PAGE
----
In order to arrive at a liberating understanding of Islam, it is necessary to follow the central injunctions of the text, for instance, the mandate for human beings to think and use their intellect in all aspects of life, including when approaching revelation itself.

The Qur’ān does not promote, and in fact strongly warns against, blindly following past interpretations.

The Qur’ān does not promote, and in fact strongly warns against, blindly following past interpretations. This would essentially entail worshipping human beings rather than God, constituting shirk (idolatry, polytheism, and the association of God with other deities), the gravest transgression in Islam: “If you follow the greater majority on earth, they would lead you astray. They follow nothing but the conjectures of others and mislead those who follow them. Your Lord knows best who stray from the path of Truth; He knows best who are the rightly guided” (6:117-18). It is thus clear that no Muslim is exempted from the responsibility of thinking for herself and reaching her own conclusions. 

The Quran

The Quran

The significance of the mandate to think independently is evidenced by the fact that after the word Allah, the second most common set of words mentioned in the Qur’ān “deals with a cluster concerned with knowing, reasoning, intellect, pondering, reflecting, meditating upon, and thinking.” Reason is the sine qua non of Islam, beginning with an individual’s exercise of thought and free will to submit to the Will of God for “there is no compulsion in [the acceptance of] the religion” (Qur’ān 2:256). Indeed, thinking for oneself (and hence, exerting effort to interpret revelation anew) is required by the Qur’ān. The Qur’ān could not exist without the presumption and emphasis on the use of a human being’s intellectual faculties in every aspect of life, including in deciding whether or not to accept the message of the Qur’ān. Islam is an encompassing way of life adopted by human beings who, using their free will and intellect, submit to the Will of God. Compulsion has no place in this matter and would in fact render the “submission” invalid.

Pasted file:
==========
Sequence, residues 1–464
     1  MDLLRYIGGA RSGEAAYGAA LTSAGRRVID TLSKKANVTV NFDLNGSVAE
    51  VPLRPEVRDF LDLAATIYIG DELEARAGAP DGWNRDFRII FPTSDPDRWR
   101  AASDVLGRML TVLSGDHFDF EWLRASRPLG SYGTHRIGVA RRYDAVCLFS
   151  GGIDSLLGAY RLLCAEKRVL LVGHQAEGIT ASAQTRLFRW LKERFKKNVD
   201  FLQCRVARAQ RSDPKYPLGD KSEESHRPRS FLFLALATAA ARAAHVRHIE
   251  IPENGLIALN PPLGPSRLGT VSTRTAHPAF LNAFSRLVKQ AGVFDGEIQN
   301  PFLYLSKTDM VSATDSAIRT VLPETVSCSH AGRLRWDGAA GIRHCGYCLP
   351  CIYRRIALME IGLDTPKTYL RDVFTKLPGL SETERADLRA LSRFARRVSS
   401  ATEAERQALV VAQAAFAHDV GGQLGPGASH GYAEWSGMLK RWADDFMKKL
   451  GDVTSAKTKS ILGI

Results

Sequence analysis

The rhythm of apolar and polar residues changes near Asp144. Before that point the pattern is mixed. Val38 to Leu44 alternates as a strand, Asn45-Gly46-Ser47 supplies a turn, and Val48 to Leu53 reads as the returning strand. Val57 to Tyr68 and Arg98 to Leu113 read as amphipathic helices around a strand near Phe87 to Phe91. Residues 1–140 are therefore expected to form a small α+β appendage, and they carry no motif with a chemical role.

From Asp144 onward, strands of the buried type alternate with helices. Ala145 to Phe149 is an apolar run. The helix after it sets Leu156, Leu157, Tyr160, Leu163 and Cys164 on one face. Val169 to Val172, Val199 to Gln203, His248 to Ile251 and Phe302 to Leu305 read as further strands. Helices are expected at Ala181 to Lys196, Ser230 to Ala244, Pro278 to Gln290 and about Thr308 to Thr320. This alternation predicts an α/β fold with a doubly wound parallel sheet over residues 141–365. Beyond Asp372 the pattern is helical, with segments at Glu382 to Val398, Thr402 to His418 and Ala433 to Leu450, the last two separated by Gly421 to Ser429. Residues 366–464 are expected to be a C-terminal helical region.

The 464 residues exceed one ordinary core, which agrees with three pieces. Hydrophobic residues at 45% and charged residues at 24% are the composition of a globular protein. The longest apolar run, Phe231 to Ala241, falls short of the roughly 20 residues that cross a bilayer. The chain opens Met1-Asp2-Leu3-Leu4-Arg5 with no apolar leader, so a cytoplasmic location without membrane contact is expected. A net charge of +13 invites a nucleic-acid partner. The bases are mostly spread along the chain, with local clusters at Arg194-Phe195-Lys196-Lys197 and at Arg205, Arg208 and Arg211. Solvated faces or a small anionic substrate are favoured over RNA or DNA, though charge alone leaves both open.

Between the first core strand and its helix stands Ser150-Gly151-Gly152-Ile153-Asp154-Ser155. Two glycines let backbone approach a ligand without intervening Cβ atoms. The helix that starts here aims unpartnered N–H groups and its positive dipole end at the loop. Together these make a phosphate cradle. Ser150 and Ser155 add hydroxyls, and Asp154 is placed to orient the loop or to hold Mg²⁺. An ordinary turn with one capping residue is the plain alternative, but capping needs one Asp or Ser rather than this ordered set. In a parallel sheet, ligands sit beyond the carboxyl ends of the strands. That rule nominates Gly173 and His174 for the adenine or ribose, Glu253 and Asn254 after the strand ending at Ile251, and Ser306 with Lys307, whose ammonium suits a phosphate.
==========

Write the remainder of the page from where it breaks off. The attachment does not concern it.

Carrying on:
It is clear, then, that “following the greater majority” has in fact been leading us astray and that there is no justification for continuing to rely on such prejudiced understandings.

There are over seven-hundred-and-fifty instructions in the Qur’ān to believers telling them to use their intellectual faculties. If we combine these commands with the foundational tenet of Islam that “there is no God but God,” and the emphasis the Qur’ān places on self-responsibility for one’s actions and their consequences, we cannot miss the logically ensuing conclusion that we are required to use our own judgment rather than rely on past interpretations that blatantly contradict our present understanding of the verses and holistic spirit of the Qur’ān. It is clear, then, that “following the greater majority” has in fact been leading us astray and that there is no justification for continuing to rely on such prejudiced understandings.